A step forward for Flint

Allen Overton and Melissa Mays

It’s been nearly three years since the water from our taps became rust-colored and foul smelling. For three years, we have fought for clean, safe water for this community. We protested. We signed petitions. We organized marches. We went door to door and collected water samples. We educated ourselves about the harmful effects of lead and the laws that are supposed to ensure our water is safe.

And because our own leaders ignored those laws, told us our water was safe when they knew it wasn’t, and refused to hold anyone accountable, we took matters into our own hands. We went to court to enforce the law and fight for Flint. We used our power as citizens to take on a government that failed the people in every way.

Now, as a result of our lawsuit, there’s some good news for Flint. It’s about time.

Under an agreement in the lawsuit we filed, the state of Michigan and city of Flint are required to replace Flint’s lead and galvanized steel water pipes within three years.

This is not just a promise, or the kind of lip service from elected officials we’ve been hearing for years. This is a legal requirement enforceable by a federal court.

Does this settlement agreement resolve every problem Flint faces as the result of the water crisis? No. We still have lots to do to rebuild our city and make it a place where we want our children to grow up and thrive.

Does this agreement leave the community better off than it was before? Yes. That’s why we signed our names to it. Here’s what the people of Flint will get from this settlement agreement:

Lead pipe replacement: The state will pay $87 million to replace lead and galvanized steel service lines, with an additional $10 million held in reserve to make certain there is enough money to complete the work. This money will cover the costs of finding and removing these pipes for at least 18,000 homes, the current estimated total number of lead and galvanized steel service lines. The city will be required to remove the service lines within three years.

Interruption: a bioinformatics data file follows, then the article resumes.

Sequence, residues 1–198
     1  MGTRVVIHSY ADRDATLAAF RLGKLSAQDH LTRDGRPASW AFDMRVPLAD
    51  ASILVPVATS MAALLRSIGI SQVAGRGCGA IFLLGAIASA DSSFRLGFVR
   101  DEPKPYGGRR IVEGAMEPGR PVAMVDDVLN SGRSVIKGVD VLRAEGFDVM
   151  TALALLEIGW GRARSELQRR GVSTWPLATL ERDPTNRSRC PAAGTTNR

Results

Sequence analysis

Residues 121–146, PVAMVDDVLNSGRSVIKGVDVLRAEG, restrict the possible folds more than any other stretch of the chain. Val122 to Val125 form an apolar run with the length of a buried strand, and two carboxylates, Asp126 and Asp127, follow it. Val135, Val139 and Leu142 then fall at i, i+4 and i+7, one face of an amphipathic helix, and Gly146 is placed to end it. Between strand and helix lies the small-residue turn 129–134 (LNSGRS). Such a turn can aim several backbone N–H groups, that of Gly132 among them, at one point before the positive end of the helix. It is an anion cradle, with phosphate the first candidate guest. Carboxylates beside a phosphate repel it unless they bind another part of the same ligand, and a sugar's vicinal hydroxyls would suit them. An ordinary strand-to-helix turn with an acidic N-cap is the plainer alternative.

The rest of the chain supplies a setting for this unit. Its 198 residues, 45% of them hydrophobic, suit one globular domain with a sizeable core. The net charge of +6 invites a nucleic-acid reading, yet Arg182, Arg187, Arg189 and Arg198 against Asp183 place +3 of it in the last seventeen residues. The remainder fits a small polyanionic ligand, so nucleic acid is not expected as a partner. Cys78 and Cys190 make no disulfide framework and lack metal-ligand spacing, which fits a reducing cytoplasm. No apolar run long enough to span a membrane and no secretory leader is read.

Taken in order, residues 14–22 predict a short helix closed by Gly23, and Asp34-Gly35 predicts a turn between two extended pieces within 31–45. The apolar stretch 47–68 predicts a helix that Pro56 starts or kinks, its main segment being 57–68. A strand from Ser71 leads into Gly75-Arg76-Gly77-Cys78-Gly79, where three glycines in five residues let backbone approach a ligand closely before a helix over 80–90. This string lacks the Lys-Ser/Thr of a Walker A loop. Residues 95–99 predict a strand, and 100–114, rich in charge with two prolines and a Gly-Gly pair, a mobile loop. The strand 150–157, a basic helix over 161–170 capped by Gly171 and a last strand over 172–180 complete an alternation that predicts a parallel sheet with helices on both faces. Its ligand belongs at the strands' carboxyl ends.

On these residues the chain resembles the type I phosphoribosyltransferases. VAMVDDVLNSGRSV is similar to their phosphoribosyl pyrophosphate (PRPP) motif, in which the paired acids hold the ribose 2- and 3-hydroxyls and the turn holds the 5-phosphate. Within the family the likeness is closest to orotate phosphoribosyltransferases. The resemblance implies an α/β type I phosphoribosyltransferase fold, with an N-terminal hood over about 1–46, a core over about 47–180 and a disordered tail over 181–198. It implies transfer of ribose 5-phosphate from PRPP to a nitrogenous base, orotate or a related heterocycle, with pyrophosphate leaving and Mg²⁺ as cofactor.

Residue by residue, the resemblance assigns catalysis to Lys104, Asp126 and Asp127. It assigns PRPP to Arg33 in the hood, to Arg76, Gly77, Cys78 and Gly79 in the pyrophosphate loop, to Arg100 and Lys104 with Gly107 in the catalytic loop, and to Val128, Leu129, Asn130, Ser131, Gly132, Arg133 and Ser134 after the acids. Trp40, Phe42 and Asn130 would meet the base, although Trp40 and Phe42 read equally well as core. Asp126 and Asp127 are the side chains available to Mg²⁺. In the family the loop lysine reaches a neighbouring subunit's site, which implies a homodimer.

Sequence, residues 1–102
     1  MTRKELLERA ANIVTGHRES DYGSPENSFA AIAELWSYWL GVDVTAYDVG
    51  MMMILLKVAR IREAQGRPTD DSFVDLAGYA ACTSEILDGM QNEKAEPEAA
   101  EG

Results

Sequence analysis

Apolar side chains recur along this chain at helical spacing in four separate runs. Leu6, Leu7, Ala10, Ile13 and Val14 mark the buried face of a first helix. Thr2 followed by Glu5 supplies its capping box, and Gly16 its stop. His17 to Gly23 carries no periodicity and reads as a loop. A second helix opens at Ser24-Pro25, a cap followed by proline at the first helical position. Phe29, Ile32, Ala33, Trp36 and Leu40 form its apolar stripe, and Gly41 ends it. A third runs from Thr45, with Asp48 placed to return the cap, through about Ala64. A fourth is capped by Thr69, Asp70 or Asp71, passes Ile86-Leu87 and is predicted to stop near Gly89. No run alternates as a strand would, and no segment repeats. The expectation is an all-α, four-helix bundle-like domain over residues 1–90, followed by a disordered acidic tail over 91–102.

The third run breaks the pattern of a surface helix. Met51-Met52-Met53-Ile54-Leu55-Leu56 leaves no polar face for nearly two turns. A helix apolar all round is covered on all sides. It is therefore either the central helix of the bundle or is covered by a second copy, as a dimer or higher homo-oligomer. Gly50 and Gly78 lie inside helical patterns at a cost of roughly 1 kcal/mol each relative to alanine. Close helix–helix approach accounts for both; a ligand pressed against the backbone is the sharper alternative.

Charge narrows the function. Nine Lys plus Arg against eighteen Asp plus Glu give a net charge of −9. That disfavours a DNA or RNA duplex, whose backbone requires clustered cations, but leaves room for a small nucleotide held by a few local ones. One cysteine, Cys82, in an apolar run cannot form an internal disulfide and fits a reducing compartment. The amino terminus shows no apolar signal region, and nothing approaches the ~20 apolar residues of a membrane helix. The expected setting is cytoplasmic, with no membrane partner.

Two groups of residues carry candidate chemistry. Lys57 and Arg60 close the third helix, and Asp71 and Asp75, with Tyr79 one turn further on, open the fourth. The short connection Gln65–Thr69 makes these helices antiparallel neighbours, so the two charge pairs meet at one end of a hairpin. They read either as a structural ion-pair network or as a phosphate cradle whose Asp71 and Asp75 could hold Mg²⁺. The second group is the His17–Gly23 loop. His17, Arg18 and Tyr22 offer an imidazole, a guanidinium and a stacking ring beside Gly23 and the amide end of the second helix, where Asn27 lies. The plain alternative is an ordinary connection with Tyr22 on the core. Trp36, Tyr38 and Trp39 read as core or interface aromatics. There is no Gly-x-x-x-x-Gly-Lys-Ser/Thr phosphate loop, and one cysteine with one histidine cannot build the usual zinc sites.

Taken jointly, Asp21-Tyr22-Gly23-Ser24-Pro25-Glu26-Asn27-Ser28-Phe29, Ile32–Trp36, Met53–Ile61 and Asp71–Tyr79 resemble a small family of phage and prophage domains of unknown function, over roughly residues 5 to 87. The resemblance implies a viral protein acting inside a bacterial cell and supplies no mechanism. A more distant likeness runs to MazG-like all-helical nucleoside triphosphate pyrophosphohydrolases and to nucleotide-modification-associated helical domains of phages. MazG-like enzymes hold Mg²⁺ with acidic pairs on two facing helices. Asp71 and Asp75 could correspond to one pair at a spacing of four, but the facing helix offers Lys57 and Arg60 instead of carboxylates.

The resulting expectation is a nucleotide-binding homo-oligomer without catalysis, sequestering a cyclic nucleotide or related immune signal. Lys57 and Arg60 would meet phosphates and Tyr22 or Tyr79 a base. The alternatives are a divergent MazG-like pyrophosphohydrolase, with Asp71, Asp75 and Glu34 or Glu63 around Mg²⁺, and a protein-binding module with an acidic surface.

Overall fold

Tap monitoring for lead: Flint residents will be able to get tap water tested for lead, free of charge, for at least the next four years. There will be two programs to monitor for lead in Flint’s water, beyond what is required by law, including one run by an independent monitor who does not work for the city or state.

Filter inspection and installation: Through December 2018, staff from the state’s Community Outreach and Resident Education filter program will visit all Flint homes regularly to ensure that everyone’s water filter is properly installed. They will also teach people how to take care of their water filters.

Bottled water: Residents will be able to pick up bottled water from distribution sites until at least Sept. 1, 2017. Through at least June 2017, the state must continue to provide bottled water deliveries to people who are unable to leave their homes and to residents who request delivery through the 211 helpline.

This is a win for the people of Flint. Getting those lead pipes out of the ground will allow us to rebuild and restore faith in our community. And we’re not done fighting. We’re committed to making sure the agreement is enforced, and that the city and state meet their obligations to guarantee safe water for everyone in Flint. We hope you will work with us to get the job done.

Pastor Allen Overton and Melissa Mays were plaintiffs in the federal safe drinking water case, Concerned Pastors for Social Action v. Khouri, which will lead to the replacement of lead water pipes in Flint.